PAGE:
This was the 10th British album, but it was the 12 album released in the United States. It was also the first double album that the band ever released. They recorded it in various places including London, Newbury and Los Angeles. They also kept it relatively simple when it came to content, sticking to rock and roll and throwing in a few hard rock songs for good measure.
16. Let It Bleed (1969)
This album was released very soon after the band had finished their American tour in 1969. It was meant to be the follow-up to another album called “Beggars Banquet”, which had been released the year before. It was the eighth album released in Britain and the 10th for the United States, featuring blues, hard rock and country.
15. Tattoo You (1981)
This was the 16th album released in the UK. For US fans, it was the 18th studio album, this time featuring saxophone player Sonny Rollins. Once again, the album was produced by the Glimmer Twins. It was one that they kept very close to the band’s original roots. As such, it only featured rock and roll with a few hard rock songs sprinkled in here and there.
14. Dirty Work (1986)
This was the 18th album that was released in the UK, the 20th in the United States. It was released on the band’s own Rolling Stones label, with one major difference. They had just signed a new contract with Columbia Records. Therefore, they were able to use their own label but the album was actually released by CBS Records.
13. Black and Blue (1976)
The thing most people remember about this album is that it was the first one recorded after the band’s guitarist, Mick Taylor, quit at the end of the year in 1974. It was the thirteenth album for fans in Britain, the fifteenth one for those in the United States, produced by and released on Rolling Stones Records. It featured a number of different types of songs including blues rock, hard rock and funk rock. However, there were some new sounds on this one including both reggae and disco.
12. Some Girls (1978)
This was a rather unique album in the sense that the band was trying some new sounds. They had been experiencing fewer fans at their concerts as well as a decline in record sales for the previous two years, largely because many people were listening to disco music and supporting new rock bands that had only recently come along. As such, they included traditional rock and roll on this album, but also punk rock, country and disco.
11. Undercover (1983)
This marked the last time that Atlantic Records would distribute an album for the band. Almost immediately after its completion, they moved to Columbia Records. However, they wouldn’t complete the follow-up album for another three years.
10. Emotional Rescue (1980)
This was a fairly simple album featuring both rock and disco. Released on the band’s own label, it was produced by the Glimmer Twins. It is the 15th album released in Britain and the 17th album to be released in the United States. It was recorded in both Paris and New York City.
9. A Bigger Bang (2005)
Clearly, this is one of their later albums. There is also a re-release of the album featuring additional music that was released in 2021. It was composed almost entirely of rock music. This time, Mercury Studios was the label used for its release.
8. Steel Wheels (1989)
This is one of the band’s live albums, broadcast live during their “Urban Jungle” tour. They also released another live album from this tour called “Flashpoint.” Even though the album was recorded live in 1989, it wasn’t released as an album until 2020. As previously mentioned, it had been broadcast live when it was reported on December 19th of 1989. However, a record had not been available until recently.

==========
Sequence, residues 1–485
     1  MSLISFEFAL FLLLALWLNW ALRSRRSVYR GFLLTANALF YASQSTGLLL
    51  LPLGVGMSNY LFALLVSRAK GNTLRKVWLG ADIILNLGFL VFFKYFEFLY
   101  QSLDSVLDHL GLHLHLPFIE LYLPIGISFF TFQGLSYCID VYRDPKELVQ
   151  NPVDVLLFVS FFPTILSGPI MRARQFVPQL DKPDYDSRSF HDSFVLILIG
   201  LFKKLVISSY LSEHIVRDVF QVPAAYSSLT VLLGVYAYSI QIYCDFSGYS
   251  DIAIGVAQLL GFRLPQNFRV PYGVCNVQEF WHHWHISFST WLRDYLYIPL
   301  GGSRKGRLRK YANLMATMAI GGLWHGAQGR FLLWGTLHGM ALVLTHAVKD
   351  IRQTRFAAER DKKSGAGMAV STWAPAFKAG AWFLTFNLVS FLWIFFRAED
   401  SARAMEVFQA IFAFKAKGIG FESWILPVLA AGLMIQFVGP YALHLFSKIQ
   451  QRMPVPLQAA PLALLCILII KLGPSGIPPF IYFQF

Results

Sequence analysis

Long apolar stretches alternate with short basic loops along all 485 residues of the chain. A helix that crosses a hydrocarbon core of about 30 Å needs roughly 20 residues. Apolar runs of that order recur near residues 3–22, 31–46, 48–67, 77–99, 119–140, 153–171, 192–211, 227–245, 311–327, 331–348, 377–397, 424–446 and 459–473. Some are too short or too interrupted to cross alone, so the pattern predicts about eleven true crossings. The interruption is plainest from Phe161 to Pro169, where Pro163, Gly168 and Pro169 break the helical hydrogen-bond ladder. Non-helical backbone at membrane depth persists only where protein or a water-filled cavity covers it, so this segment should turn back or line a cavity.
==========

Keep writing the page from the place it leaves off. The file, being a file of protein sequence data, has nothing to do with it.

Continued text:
7. Bridges to Babylon (1997)
This album was recorded in Los Angeles and featured both blues rock and hard rock selections. It was released by Virgin Records as a double album, but only for those who purchased the vinyl. It was also made available on CD as an extended album. It was the 21st album to be released by the band in Britain. It also marked their 23rd release in the US.
6. Voodoo Lounge (1994)
This album marked the first time in five years that the band had officially released new music. It was also their first album with their then-new label, Virgin Records. It was produced by the Glimmer Twins, along with Don Was and featured genres such as blues rock, hard rock and roots rock.
5. Blue & Lonesome (2016)
Thai was the 23rd album released in Britain, the 25th in America. Once again, it involved the Glimmer Twins and Don Was as producers. Recorded in London and Los Angeles, it featured the same type of blues rock that had been on so many other albums. However, there was also some electric blues and even Chicago blues this time around.
4. Flashpoint (1991)
This was another live album, their first one in almost a decade. They recorded it during their “Urban Jungle” tour, recording sessions from the tour in both 1989 and 1990. They released the album the following year.
3. Still Life (1982)
The band recorded this album while they were on their American tour in 1981. They released the album during the summer of 1982 in preparation for their European tour. Apparently, they were so awe-struck by the design on the album cover, they incorporated some of those same elements in the stage design for their European tour.
2. Live Licks (2004)
This double album was recorded throughout various performances during the band’s “Licks” tour. They did the recordings throughout 2002 and 2003. The album was released in 2004.
1. Shine a Light (2008)
This album serves as a soundtrack to the band’s similarly-named concert. Impressively, Martin Scorsese directed the entire project (there is a video that can also be purchased). It is available in both standard form and as a double album. The album was released during the first week of April in 2008 in the UK. Fans in the US could purchase it one week later.